Sleeplessness can have many causes. Physical discomforts like digestive issues, itchy skin, colic, reflux, or gas are common underlying conditions that need to be assessed and addressed in the journey to long-lasting positive sleep habits. Young children can definitely ‘become used to’ small discomforts during the day, so it can be difficult to understand how something ‘mild’ can be such a significant part of the sleep issue. This is often because during the night there’s nothing to distract them, so this is when children become more aware of the discomfort.

Unfortunately, it doesn’t take much to disrupt a child’s once textbook perfect sleep routine. A cold, teething pain, restless legs, or a mild ear infection can disrupt sleeping patterns, as can emotional challenges like parents returning to work or adjusting to a new childcare routine. If your child’s sleep habits never seemed quite right, or if getting back to the regular bedtime routine has become impossible, download the Sleep Disturbance Scale for Children (SDSC) checklist as a first step towards gaining a better understanding of your child’s sleep-wake cycle.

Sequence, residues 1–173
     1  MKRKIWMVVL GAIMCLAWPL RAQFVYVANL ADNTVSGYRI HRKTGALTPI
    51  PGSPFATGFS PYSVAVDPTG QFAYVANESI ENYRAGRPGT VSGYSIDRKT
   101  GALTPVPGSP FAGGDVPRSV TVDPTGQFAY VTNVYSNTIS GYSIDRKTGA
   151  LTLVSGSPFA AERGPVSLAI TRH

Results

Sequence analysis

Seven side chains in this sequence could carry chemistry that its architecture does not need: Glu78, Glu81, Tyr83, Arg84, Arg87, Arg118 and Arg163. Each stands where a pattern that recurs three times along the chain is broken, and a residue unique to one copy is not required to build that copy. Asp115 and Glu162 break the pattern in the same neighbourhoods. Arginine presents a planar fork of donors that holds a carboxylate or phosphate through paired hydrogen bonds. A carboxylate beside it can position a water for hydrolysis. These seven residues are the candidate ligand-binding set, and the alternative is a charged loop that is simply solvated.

A baby’s sleep cycle lasts for 60 minutes. Every hour they will enter a lighter phase of sleep, where they may briefly stir. The magic trick is for bubs to not need to wake you up in order to help them transition to their next sleep cycle. Newborns and infants can have other reasons for waking throughout the night, the most obvious being hunger. Babies may feed anywhere from 8-12 times in a 24hr period. When babies are feeding more frequently throughout the night and sleeping more during the day, they have likely mixed up their day and night cycles.

Download a Sleep Disturbance Scale

To get a better understanding of the issue

    Sleep Disturbance

    Common Treatments